Neurelis has the license to bring the ROCK inhibitor NRL-1049 to trials specifically for CCM. The medicine was developed by BioAxone as BA-1049 and licensed to Neurelis for trials. The medicine is in Phase 1 clinical trials in healthy volunteers.
Ovid therapeutics/graviton bioscience
Ovid and Graviton are working to develop a ROCK2-specific inhibitor known as OV-888 (formerly GV101) to target CCM. Graviton developed the medicine and has licensed it to Ovid for clinical trials. The medicine is in Phase 1 clinical trials in healthy volunteers.
Several medicines already on the market for other indications are seeking funding for Phase 2 or Phase 3 trials with our patients:
Propranolol has already completed a small multi-center safety trial in Italy. According to the research abstract:
Propranolol was safe and well tolerated in this population. Propranolol might be beneficial for reducing the incidence of clinical events in people with symptomatic familial cerebral cavernous malformations, although this trial was not designed to be adequately powered to investigate efficacy. A definitive phase 3 trial of propranolol in people with symptomatic familial cerebral cavernous malformations is justified.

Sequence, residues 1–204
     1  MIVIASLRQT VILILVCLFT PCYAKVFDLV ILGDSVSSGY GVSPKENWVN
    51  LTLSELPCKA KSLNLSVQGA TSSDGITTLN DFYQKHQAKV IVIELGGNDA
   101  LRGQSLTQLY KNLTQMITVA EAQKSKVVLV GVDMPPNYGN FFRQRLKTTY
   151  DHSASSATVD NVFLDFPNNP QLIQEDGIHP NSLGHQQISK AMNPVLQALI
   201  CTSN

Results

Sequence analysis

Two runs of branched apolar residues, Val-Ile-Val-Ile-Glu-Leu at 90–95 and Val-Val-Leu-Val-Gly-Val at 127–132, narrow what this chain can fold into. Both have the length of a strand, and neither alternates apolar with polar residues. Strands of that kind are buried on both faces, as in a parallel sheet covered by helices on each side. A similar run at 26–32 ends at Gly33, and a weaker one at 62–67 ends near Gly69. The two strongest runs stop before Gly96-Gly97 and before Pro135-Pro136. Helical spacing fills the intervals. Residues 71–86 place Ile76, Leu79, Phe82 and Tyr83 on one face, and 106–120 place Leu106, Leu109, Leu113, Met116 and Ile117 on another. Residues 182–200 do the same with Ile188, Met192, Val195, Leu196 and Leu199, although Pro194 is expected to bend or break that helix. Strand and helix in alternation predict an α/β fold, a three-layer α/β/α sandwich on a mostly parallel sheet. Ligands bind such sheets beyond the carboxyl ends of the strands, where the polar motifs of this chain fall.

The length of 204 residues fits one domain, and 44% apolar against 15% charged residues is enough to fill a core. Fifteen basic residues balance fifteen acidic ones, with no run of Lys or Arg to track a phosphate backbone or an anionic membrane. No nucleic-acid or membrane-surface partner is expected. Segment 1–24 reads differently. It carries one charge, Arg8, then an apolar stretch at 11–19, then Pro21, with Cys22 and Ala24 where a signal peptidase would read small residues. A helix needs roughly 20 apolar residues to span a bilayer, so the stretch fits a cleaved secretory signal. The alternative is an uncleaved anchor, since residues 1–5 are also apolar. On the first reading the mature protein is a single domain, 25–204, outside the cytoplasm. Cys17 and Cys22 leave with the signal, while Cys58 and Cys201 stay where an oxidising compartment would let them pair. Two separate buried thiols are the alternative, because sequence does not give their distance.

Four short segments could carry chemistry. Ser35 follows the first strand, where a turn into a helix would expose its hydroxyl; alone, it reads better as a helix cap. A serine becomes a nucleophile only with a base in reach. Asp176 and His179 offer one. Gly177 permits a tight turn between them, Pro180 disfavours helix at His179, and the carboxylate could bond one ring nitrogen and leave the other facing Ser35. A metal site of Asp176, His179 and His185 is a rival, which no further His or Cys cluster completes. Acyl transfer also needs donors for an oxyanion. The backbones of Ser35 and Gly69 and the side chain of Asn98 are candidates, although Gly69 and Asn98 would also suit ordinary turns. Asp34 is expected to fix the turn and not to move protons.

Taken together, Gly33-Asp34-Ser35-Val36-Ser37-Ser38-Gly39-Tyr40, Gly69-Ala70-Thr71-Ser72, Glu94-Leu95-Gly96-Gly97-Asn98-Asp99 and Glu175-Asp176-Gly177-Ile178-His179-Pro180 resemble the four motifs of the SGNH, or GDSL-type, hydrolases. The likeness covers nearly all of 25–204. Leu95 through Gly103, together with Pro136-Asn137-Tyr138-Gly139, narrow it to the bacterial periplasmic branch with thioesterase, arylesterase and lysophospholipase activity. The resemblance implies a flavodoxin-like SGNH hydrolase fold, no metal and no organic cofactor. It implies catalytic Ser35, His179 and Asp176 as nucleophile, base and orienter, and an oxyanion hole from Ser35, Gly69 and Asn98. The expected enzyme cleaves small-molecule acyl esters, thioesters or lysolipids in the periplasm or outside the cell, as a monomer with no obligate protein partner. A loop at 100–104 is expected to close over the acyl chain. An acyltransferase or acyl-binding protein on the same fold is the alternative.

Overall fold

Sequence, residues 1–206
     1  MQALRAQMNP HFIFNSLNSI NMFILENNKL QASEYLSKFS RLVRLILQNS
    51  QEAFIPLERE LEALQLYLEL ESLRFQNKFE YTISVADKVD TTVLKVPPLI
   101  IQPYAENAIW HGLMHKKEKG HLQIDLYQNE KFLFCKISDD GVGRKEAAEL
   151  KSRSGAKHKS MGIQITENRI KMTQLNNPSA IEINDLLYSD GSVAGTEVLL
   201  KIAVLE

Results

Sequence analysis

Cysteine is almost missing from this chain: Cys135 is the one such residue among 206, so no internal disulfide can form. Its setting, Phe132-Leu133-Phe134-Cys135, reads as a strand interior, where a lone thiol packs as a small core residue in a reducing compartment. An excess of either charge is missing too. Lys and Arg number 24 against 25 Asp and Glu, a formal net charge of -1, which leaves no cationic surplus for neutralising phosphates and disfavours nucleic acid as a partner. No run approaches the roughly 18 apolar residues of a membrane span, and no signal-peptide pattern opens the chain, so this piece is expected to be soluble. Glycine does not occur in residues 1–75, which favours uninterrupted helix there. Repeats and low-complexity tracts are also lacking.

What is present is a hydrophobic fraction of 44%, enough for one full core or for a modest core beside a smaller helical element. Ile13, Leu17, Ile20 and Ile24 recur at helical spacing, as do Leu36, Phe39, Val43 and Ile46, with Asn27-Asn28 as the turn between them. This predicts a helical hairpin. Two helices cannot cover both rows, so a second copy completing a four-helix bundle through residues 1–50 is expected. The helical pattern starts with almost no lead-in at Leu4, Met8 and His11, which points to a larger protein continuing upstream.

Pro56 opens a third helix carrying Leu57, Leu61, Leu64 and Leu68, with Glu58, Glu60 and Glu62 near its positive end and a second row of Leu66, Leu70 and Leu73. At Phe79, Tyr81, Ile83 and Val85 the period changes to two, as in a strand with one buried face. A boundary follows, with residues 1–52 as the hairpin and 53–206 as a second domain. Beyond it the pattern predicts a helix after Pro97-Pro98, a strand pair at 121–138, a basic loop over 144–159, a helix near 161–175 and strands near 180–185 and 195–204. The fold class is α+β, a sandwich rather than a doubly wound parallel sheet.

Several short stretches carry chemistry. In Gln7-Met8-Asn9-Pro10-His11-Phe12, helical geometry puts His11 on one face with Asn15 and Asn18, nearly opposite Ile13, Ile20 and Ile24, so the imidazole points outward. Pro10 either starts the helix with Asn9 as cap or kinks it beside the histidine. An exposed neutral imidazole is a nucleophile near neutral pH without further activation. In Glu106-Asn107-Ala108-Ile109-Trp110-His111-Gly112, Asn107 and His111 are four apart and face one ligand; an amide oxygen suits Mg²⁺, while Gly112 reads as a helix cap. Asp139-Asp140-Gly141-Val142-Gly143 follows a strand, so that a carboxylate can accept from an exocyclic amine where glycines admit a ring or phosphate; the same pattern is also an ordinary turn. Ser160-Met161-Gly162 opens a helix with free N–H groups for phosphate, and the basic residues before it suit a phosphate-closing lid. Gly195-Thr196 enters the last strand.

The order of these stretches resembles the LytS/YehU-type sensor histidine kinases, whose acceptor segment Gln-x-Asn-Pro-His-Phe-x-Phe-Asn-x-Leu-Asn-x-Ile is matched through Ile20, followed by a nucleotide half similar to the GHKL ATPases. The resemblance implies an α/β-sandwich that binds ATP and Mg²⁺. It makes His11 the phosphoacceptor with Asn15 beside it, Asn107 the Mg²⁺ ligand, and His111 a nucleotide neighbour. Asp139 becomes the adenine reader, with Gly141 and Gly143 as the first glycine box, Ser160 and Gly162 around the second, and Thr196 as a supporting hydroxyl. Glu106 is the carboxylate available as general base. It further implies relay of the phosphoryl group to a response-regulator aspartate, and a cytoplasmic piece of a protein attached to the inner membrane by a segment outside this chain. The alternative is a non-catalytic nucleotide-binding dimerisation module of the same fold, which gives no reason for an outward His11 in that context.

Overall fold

Funding is being sought through multiple European agencies.
While it seems counter-intuitive, some researchers believe that antithrombotic medicines do not increase hemorrhage risk and that low-dose aspirin may offer protective effects against hemorrhage. Multiple retrospective case series studies have offered supporting evidence. Funding is being sought in the UK for clinical trial.
Rapamycin, also known as sirolimus, is an mTOR-inhibitor used in multiple disorders involving vascular malformations and has been tested in patients with other slow-flow vascular malformations. It has been tried in acute mouse models of CCM and appears to have an effect. Studies of chronic mouse models are pending. Funding for a clinical trial is being sought in the US.